Though this is the easiest and most home-chef friendly of the classical stocks, don’t let that fool you. Vegetable stock is extremely useful stuff, and making it is one of the better tricks a home chef (particularly a vegetarian/vegan) can have in their culinary arsenal. It’s great as a base for vegetarian soups or as a medium for reconstituting dried mushrooms.
1. Select your vegetables
A blend of onions, celery, and carrots (aka mirepoix) will provide a good backbone for your stock, imparting flavor and depth without releasing any strong single flavor or coloring the stock. Beyond that, really any vegetables can be used to make stock within certain parameters. Avoid starchy vegetables if you want your stock to remain clear rather than cloudy. It’s also best to avoid spinach, cabbage, artichokes, cauliflower, and Brussels sprouts as these veggies release nasty flavors when cooked for a long time. Vegetable stock is a great way to extract flavor from vegetable trimmings that you may have left over from other recipes. We routinely set aside trimmings, freeze them in a zip loc and then have them on hand for veggie stock. Talk about recycling!
2. Roughly chop vegetables into uniform size chunks and (optional) sweat in oil
To “sweat” vegetables means to use low heat to help release some of their moisture and remove some of their uncooked flavor. No color should be gained from a sweat. If you’re caramelizing your veggies even a little bit your heat is too high. Usually salt is added to a sweat to help draw moisture out, but this conflicts with one of the cardinal rules of stock making so don’t do it here. For a little extra flavor you can use butter instead of oil, but of course doing so will keep your stock from being vegan-friendly.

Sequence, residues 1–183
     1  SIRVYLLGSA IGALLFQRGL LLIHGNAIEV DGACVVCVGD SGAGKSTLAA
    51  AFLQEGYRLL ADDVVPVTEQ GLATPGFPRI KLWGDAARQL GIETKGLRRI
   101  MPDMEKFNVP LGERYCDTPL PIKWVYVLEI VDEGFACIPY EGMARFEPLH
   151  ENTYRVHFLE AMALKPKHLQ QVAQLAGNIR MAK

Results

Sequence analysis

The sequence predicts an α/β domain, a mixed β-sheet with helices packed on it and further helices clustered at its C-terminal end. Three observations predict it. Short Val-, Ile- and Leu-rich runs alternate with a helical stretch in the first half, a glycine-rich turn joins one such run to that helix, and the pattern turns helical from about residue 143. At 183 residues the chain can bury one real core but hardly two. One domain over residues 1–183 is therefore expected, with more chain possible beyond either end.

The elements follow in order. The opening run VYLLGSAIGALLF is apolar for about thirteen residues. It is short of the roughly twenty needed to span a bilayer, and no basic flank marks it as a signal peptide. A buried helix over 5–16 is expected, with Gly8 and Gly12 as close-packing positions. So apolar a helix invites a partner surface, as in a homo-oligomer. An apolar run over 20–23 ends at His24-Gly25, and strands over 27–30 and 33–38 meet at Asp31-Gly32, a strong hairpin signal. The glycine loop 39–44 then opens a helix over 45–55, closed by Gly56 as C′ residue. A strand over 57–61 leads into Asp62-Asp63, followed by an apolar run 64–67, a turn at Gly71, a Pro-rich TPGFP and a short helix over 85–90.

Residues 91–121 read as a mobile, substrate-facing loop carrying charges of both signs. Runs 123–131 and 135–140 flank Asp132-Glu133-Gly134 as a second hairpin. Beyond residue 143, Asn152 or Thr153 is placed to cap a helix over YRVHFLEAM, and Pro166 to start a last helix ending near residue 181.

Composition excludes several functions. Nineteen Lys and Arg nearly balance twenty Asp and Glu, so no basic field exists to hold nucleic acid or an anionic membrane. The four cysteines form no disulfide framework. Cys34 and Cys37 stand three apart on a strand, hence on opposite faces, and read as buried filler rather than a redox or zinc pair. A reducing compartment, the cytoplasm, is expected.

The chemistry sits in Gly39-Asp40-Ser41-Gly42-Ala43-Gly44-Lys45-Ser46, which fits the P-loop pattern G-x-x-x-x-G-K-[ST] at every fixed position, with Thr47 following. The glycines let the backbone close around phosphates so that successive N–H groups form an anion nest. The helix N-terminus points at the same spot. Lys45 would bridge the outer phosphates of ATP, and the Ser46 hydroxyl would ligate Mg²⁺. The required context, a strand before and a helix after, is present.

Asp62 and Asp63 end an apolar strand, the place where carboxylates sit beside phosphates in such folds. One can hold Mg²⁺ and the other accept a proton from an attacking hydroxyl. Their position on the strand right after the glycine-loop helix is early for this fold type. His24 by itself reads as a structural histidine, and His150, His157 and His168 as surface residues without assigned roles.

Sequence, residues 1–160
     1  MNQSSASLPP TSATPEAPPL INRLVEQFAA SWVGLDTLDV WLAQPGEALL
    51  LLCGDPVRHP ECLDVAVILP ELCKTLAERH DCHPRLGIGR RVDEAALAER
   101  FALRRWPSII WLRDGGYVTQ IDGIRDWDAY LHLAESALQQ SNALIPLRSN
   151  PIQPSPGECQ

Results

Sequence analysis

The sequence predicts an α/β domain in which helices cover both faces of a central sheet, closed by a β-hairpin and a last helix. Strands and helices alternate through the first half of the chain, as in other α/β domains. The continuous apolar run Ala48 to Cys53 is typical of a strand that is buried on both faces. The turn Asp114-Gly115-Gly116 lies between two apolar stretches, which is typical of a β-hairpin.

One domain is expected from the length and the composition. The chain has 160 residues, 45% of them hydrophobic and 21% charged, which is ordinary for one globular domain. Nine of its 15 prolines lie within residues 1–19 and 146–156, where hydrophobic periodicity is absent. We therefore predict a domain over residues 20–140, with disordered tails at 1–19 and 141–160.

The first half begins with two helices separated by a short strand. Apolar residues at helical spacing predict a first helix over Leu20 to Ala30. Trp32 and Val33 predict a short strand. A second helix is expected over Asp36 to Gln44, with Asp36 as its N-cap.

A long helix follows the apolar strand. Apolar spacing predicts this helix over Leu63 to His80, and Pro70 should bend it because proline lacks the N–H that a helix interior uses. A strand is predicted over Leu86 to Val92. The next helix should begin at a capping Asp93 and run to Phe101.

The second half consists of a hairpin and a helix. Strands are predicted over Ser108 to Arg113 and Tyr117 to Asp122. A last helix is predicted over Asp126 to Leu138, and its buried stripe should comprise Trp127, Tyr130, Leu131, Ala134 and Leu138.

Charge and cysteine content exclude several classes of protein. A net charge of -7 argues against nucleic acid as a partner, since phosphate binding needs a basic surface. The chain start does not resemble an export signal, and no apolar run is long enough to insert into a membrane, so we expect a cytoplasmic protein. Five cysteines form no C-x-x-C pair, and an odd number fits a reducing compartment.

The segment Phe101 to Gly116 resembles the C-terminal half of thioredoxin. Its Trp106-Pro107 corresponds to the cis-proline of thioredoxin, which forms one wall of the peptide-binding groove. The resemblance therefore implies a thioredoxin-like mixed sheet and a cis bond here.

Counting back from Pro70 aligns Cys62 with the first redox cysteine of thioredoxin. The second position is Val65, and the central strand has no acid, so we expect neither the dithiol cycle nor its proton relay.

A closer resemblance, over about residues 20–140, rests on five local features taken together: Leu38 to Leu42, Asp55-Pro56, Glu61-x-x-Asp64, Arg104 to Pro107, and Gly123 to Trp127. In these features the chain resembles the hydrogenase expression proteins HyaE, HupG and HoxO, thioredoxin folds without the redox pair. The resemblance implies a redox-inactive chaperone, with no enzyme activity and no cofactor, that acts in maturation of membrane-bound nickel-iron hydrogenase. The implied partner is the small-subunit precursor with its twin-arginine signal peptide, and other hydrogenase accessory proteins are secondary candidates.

3. Fill your stockpot and bring to a simmer
Put your water, vegetables, and a bouquet garni or sachet in your stock pot, and heat until it reaches a simmer. Keep an eye out for any scum that develops on the surface and needs to be skimmed (with a veggie stock this shouldn’t really be an issue).
4. Simmer 30-45 minutes
That’s really all the time it takes to get the best from your vegetables. Any longer than that and you risk them breaking down into your stock or developing unpalatable flavors.
5. Strain and drop your stock
Strain your stock through the finest strainer you’ve got (with cheesecloth added if necessary) and quickly reduce the temperature (“drop”) through the use of an ice water bath. For further explanation of stock dropping, refer to the cardinal rules of stock making.
6. Store until ready to use
Stocks store in the fridge for about 2-3 days refrigerated (assuming you dropped them correctly) and will freeze wonderfully for several months.